The main purpose of this POST is to provide a link to Chapter 25 of my book “Painting with Light and Colour” to which I have given the title “chiaroscuro” (the light/dark dimension). But first a word to explain why this is situated in the part of the book on “Painting with Colour”, rather than the part on “Painting with Light”, as most people would expect.

Black is a colour

The reason for this anomaly follows from the facts of visual perception (a) that colour is made in the brain and (b) that the brain classifies shadows, shading and highlights as colour. This counterintuitive state of affairs is a consequence of the way the eye/brain combination separates out surface-reflection from body-colour. Thus, the neural algorithm responsible for this impressive feat, confounds the sudden changes in reflected-light that occur at the edges of regions of cast-shadows and highlights, with the sudden changes at the edges of regions of body-colour.  For similar, though slightly more difficult to explain reasons, it also classifies gradations in the lightness profiles of surfaces as gradations in body-colour (for more on these reasons, see Chapter 9 of this volume and Chapter 14 of my book  “What Scientists can Learn from Artists”).

Link to chapter 2


Two chiaroscuro masterpices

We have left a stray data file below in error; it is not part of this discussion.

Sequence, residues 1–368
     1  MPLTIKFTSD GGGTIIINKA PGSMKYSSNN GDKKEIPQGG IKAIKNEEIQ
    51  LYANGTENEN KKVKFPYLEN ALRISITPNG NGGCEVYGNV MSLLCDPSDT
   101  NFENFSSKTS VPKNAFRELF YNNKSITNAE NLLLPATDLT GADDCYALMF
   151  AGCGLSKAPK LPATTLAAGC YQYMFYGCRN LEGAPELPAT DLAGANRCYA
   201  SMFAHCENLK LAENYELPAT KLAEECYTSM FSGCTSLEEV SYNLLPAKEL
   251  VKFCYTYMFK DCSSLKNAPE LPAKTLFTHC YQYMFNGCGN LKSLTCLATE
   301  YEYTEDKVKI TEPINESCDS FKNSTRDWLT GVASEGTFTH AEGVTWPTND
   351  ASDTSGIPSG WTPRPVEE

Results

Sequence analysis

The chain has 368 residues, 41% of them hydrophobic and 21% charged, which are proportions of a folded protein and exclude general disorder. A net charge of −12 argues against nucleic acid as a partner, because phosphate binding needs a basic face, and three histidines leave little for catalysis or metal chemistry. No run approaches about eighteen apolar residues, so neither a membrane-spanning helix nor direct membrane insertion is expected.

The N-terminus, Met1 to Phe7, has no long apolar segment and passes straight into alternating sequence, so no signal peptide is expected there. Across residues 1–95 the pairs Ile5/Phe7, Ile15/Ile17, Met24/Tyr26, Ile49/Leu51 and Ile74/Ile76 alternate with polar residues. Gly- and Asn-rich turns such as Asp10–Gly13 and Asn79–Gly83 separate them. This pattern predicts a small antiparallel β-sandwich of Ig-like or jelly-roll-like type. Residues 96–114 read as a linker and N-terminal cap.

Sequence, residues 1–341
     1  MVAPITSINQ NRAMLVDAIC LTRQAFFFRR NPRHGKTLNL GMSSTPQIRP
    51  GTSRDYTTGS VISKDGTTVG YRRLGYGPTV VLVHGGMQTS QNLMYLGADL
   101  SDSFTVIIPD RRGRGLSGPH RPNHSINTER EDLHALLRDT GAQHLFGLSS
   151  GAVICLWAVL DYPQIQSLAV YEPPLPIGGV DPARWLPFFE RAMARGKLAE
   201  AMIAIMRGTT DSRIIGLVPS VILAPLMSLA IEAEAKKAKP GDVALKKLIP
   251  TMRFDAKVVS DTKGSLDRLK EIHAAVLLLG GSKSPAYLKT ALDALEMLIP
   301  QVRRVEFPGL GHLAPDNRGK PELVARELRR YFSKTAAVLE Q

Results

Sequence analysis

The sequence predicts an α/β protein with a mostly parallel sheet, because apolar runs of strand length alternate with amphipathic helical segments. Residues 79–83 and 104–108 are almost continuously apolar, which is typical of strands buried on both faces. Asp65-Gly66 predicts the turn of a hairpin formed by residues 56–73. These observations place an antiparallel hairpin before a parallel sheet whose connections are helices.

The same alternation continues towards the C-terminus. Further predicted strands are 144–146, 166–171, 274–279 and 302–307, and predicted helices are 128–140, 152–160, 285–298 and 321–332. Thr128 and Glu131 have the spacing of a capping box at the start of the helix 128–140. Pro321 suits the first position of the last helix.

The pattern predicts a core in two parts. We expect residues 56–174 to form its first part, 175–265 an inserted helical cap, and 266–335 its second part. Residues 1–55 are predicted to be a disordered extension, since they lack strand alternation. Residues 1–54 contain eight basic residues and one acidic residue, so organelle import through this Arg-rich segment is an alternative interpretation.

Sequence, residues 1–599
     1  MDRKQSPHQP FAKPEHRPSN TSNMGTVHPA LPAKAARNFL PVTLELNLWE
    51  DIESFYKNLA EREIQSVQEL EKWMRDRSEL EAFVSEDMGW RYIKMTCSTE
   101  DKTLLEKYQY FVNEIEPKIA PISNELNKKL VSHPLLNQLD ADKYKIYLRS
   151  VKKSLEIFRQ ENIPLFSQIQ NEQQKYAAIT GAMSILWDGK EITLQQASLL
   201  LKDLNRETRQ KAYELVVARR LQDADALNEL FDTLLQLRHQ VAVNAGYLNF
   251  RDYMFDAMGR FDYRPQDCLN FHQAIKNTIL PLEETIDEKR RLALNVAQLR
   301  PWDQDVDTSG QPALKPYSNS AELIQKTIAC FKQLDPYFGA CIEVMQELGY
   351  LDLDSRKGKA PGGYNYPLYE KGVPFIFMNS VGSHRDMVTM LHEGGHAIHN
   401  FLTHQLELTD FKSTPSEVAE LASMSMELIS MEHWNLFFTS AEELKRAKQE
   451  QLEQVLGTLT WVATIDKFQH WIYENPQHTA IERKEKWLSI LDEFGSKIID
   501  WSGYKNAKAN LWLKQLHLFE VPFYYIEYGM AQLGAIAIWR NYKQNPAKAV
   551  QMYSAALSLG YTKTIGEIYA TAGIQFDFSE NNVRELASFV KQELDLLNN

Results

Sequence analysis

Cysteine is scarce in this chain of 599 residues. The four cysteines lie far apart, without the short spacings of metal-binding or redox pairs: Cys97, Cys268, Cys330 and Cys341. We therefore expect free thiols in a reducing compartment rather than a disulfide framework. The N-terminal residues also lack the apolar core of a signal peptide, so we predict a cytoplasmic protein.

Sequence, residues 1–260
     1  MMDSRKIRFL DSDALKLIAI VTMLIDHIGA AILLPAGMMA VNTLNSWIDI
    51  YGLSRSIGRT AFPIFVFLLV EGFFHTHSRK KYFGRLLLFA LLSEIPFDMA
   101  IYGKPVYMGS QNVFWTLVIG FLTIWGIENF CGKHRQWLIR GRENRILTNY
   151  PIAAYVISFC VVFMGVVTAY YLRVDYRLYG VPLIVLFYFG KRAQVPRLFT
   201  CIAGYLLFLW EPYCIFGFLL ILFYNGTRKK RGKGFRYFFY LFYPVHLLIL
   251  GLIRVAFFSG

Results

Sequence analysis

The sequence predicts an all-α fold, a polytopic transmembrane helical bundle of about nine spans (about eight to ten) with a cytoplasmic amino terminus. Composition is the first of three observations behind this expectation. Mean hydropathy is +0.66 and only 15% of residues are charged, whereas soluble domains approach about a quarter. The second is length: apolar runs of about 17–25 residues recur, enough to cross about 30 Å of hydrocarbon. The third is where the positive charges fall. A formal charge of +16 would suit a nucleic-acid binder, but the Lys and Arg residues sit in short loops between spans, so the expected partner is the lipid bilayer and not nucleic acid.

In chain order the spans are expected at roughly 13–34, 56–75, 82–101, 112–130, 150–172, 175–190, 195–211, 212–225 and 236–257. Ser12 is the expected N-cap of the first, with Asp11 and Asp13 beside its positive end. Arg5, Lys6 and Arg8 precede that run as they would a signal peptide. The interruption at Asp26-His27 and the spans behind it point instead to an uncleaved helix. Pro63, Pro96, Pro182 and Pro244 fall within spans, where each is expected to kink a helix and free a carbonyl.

Sarah Elliott – Figurative charcoal drawing

Sarah Elliott – Non figurative charcoal drawing

Chapters from “Painting with Light ” (Part 1 of this volume)

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2 thoughts on “Chiaroscuro”

  1. Thanks, Francis for posting this chapter which I found informative and practically relevant. This chapter and the next make a particularly useful pair. I very much enjoyed seeing Sarah’s drawings particularly the figurative house and garden-superbly evocative, especially the sense of sunlight, while avoiding becoming twee

  2. Just re read your very interesting and refreshing article and totaly agree “no two parts of a painting should be of the same lightness”.
    I first encountered this issue without realising it when aged 9. I painting of mine was held up as an example of an unusual solotion.
    Later at Maidstone College of ArtI worked on this issue with charcoal, under the experienced eye of Christopher Ironside.
    You Francis have provided the best clearest explanation of the issues that I have ever read or heard.
    Congratulations, I raise my glass to you !

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